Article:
JUNE 1 2008





Whether genetically modified (GM) foods are beneficial or harmful is

still controversial, but some people would prefer to avoid them until

the evidence is clear. Most foods we eat may contain ingredients derived

from genetically modified organisms (GMOs)--everything from baby formula

and food to our dairy to even our meat. If you live in Europe, avoiding

GM foods is easier since laws require labelling. However in the US and

Canada food manufacturers are not required to label if their food is

genetically modified or not. As such, here are some guidelines for

steering clear of GM foods in your diet, if that is your choice.


   1. Become familiar with the most common applications of genetic

modification. These are the products (and their derivatives) that are

most likely to be genetically modified:

          * Soybeans - Gene taken from bacteria (Agrobacterium sp.

strain CP4) and inserted into soybeans to make them more resistant to

herbicides.[1] See How to Live With a Soy Allergy for more information

on avoiding soy products.

          * Corn - Gene from the lepidoptera pathogen microorganism

Bacillus thuringiensis inserted into corn genome to produce the Bt

toxin, which poisons insect pests.[2] May be present in high fructose

corn syrup which is prevalent in a wide variety of foods in America.

          * Rapeseed/Canola - Gene added/transferred to make crop more

resistant to pesticides

          * Sugar cane - Gene added/transferred to make crop more

resistant to pesticides

          * Rice - Genetically modified to resist herbicides; not

currently available for human consumption, but trace amounts of one GM

long-grained variety (LLRICE601) may have entered the food supply in the

USA and Europe.[3]More recently, golden rice, a different strain of rice

has been engineered to produce significantly higher levels of beta

carotene, which the body uses to procduce vitamin A. Golden rice is

still undergoing testing to determine if it is safe for human


          * Cotton - Used for making cottonseed oil.

          * Dairy - Cows injected with GE hormone rBGH/rBST; possibly

fed GM grains and hay.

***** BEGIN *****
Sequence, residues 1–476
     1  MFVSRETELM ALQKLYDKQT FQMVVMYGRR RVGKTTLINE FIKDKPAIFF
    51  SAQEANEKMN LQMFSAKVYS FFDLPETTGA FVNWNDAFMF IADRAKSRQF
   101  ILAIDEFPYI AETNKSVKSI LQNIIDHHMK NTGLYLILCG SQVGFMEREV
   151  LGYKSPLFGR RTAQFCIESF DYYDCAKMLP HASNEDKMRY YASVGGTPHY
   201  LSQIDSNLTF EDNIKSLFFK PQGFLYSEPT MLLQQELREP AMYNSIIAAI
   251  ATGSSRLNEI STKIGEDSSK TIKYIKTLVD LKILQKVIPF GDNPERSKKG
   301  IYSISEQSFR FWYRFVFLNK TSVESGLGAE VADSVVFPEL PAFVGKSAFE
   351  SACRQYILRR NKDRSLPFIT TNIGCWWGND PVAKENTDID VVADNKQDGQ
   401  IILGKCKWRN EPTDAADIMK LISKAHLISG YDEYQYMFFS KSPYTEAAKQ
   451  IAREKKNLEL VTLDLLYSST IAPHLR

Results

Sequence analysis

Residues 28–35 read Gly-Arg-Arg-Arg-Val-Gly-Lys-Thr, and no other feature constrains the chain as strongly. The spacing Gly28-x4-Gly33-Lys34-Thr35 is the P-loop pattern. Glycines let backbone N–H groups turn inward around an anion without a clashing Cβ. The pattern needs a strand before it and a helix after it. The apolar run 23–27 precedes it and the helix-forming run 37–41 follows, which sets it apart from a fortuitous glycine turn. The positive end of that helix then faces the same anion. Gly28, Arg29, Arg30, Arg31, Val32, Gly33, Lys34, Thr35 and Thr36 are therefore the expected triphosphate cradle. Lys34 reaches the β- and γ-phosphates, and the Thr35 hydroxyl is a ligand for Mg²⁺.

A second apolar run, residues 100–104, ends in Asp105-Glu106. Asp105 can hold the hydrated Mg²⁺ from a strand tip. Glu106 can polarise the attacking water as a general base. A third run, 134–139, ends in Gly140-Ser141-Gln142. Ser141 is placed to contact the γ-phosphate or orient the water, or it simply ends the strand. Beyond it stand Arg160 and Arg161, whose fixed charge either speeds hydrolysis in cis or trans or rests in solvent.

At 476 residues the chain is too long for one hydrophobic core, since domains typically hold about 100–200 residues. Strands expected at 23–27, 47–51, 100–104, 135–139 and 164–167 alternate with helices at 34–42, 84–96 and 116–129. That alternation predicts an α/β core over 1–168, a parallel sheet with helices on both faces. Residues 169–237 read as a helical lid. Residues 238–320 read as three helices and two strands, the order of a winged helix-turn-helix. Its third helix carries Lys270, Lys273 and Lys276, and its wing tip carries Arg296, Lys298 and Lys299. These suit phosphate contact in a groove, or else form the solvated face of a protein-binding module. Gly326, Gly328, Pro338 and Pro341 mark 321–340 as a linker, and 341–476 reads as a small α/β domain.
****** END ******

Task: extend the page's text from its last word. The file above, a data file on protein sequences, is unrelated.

2. Buy food labeled 100% organic. The US and Canadian governments do

not allow manufacturers to label something 100% organic if that food has

been genetically modified or been fed genetically modified feed.

However, you may find that organic food is more expensive and different

in appearance from conventional products. Also, just because something

says "organic" on it does not mean that it does not contain GMs. In

fact, it can still contain up to 30% GMs, so be sure the labels say 100%


          * This applies to eggs, as well. Eggs labeled "free-range",

"natural", or "cage-free" are not necessarily GE-free; look for eggs to

be 100% organic.[5]

   3. Recognize fruit and vegetable label numbers. The code on that

little sticker is quite meaningful. If it is a 4-digit number, then the

food it 'normal', while a 5-digit number beginning with an 8 is GM,

while a 5-digit number beginning with a 9 is organic.[6] Sometimes a

market will mislabel a bin of food as organic, or not, but the sticker

code doesn't lie.

   4. Purchase beef that is 100% grass-fed. Most cattle in the U.S. are

grass-fed, but spend the last portion of their lives in feedlots where

they may be given GM grain, the purpose of which is to increase

intramuscular fat and marbling. If you're looking to stay away from

GMOs, make sure the cattle were 100% grass-fed or pasture-fed (sometimes

referred to as grass-finished or pasture-finished). The same applies to

meat from other herbivores such as sheep. There is also the slight

possibility that the animals were fed GM alfalfa, although this is less

likely if you buy meat locally. With non-ruminants like pigs and poultry

that cannot be 100% grass-fed, it's better to look for meat that is 100%


   5.Seek products that are specifically labeled as non-GM or GMO-free.

However, it is rare to find products labeled as such. You can also

research websites that list companies and foods that do not use

genetically modified foods, [7], but be aware that information is often

incomplete and conflicting interests may not be declared.

   6. Shop locally. Although more than half of all GM foods are produced

in the US,[8] most of it comes from large, industrial farms. By shopping

at farmers' markets, signing up for a subscription from a local

Community Supported Agriculture (CSA) farm, or patronizing a local

co-op, you may be able to avoid GM products and possibly save money at

the same time.

          * More and more small farms are offering grains and meat

directly to customers, in addition to the usual fare (vegetables, fruit,


          * Shopping locally may also give you the opportunity to speak

to the farmer and find out how he or she feels about GMOs and whether or

not they use them in their own operation.

   7. Buy whole foods. Favor foods that you can cook and prepare

yourself, rather than foods that are processed or prepared (e.g.

anything that comes in a box or a bag, including fast food). What you

lose in convenience, you may recover in money saved and satisfaction

gained, as well as increased peace of mind. Try cooking a meal from

scratch once or twice a week--you may enjoy it and decide to do it more



    * If you have the land, time, and resources, grow your own food. As

long as you make sure you're not buying GM seeds, and aren't near any GM

plants which could cross-pollinate, you'll know for sure that the food

which comes from your garden is not genetically modified.

    * At chain and non-chain restaurants, you can ask which, if any, of

their foods contain GMs, but the wait and kitchen staff are not likely

to know.

    * Producers who label their food GM-free aren't making any health

claims regarding the product.




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